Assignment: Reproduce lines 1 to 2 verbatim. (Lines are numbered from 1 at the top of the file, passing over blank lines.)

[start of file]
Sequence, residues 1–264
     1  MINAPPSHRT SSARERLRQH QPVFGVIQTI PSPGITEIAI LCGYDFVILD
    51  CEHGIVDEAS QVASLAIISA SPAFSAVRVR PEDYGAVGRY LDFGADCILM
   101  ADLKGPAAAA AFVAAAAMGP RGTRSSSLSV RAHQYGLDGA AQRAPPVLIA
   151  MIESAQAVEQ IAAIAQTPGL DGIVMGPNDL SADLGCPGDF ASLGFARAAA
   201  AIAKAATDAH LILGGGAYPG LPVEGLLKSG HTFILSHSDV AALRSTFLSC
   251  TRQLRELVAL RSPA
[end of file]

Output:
Sequence, residues 1–264
     1  MINAPPSHRT SSARERLRQH QPVFGVIQTI PSPGITEIAI LCGYDFVILD